Our employer had bars placed in front of the windows, so that we should not be able to give a bit of his bread to passing beggars, or to any of our fellows who were out of work and hungry. Our employer called us rogues, and gave us half-rotten tripe to eat for our mid-day meal, instead of meat. It was swelteringly close for us cooped up in that stone underground chamber, under the low, heavy, soot-blackened, cobwebby ceiling. Dreary and sickening was our life between its thick, dirty, mouldy walls.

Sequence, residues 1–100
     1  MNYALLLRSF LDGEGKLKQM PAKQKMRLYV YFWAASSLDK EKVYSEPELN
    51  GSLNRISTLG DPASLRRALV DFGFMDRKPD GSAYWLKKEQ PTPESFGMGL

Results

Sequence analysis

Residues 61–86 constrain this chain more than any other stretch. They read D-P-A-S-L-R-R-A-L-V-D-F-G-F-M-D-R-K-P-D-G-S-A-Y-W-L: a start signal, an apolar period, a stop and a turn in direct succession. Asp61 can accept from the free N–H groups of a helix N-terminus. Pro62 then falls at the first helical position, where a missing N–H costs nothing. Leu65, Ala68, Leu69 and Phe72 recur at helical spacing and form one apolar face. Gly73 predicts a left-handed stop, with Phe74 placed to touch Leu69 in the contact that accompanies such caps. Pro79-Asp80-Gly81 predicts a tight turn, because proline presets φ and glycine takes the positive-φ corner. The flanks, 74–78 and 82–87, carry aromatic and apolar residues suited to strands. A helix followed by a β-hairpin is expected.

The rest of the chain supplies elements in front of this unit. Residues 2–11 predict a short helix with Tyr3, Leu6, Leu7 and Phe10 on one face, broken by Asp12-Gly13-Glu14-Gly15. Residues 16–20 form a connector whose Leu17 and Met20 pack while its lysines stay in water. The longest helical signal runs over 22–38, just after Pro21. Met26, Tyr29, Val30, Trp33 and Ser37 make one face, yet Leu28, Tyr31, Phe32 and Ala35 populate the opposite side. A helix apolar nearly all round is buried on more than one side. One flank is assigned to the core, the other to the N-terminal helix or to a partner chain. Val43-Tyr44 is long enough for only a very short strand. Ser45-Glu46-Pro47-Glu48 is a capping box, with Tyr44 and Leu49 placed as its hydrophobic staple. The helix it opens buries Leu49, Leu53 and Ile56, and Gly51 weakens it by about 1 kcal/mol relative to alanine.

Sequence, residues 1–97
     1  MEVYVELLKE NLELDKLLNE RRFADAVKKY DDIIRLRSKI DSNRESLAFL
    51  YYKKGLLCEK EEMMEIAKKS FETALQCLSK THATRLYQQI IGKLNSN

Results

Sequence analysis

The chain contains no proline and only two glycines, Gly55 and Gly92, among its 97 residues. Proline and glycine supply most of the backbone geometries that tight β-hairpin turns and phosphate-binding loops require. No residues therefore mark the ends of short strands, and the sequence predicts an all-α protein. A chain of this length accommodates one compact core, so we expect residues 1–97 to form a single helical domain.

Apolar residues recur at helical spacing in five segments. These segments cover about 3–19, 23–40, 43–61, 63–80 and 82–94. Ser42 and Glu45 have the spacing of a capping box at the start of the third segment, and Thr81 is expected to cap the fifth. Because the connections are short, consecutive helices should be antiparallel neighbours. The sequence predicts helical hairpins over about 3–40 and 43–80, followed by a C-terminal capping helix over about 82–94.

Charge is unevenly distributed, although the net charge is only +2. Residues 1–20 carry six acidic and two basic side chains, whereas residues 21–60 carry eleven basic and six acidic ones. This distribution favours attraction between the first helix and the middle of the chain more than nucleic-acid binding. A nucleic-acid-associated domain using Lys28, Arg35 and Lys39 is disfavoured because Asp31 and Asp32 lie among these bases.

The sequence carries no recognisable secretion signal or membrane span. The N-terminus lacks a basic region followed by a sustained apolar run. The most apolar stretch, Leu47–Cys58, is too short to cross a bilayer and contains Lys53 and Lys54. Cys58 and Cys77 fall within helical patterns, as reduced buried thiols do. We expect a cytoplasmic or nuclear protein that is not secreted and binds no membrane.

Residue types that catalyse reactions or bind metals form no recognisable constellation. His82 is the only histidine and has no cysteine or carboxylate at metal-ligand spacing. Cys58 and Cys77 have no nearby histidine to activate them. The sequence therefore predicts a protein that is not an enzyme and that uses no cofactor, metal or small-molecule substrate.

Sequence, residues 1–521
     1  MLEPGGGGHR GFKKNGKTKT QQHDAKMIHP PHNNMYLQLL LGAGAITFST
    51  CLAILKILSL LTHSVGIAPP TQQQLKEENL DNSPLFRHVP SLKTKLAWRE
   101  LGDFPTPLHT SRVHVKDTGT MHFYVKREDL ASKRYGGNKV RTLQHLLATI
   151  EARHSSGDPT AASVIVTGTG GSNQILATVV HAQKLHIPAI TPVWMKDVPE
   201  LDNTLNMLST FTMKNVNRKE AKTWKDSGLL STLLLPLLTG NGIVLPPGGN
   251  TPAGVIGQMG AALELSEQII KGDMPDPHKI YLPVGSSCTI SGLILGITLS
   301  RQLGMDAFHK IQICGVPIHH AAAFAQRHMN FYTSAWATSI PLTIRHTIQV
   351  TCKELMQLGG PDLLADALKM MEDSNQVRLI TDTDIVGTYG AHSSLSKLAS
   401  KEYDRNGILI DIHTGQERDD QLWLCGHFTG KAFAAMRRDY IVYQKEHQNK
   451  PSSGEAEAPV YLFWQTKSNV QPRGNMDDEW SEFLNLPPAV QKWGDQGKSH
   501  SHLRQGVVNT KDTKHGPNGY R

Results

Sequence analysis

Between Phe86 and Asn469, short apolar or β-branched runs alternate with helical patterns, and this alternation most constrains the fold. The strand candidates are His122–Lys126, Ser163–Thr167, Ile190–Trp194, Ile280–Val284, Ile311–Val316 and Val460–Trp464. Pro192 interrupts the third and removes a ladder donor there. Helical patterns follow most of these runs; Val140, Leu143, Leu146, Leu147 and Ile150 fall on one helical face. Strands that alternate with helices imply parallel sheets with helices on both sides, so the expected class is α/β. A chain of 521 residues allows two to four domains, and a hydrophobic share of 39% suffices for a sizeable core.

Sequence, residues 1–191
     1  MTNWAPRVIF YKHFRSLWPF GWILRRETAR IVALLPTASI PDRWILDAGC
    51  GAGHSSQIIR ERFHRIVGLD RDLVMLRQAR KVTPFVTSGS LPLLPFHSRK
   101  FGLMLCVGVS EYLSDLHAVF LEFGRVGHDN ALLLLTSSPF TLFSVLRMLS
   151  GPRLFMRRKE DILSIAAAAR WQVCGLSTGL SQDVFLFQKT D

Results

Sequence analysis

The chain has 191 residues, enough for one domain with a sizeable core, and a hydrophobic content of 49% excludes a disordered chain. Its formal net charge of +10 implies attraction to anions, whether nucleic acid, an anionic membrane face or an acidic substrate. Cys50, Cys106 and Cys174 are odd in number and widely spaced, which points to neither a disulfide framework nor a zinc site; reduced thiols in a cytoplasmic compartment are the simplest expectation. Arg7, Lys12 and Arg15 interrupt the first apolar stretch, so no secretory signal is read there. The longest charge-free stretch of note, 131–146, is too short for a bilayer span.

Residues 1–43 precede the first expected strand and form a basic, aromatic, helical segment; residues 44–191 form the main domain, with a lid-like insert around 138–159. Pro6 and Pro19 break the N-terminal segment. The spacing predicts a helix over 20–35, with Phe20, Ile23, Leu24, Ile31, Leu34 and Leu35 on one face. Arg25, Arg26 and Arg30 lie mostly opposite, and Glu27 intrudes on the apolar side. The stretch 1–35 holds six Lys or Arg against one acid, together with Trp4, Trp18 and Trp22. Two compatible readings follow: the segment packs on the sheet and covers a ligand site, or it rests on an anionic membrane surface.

Unrefreshed, and with a feeling of not having had our sleep out, we used to get up at five oÕclock in the morning; and before six, we were already seated, worn out and apathetic, at the table, rolling out the dough which our mates had already prepared while we slept.
The whole day, from ten in the early morning until ten at night, some of us sat round that table, working up in our hands the yielding paste, rolling it to and fro so that it should not get stiff; while the others kneaded the swelling mass of dough. And the whole day the simmering water in the kettle, where the kringels were being cooked, sang low and sadly; and the bakerÕs shovel scraped harshly over the oven floor, as he threw the slippery bits of dough out of the kettle on the heated bricks.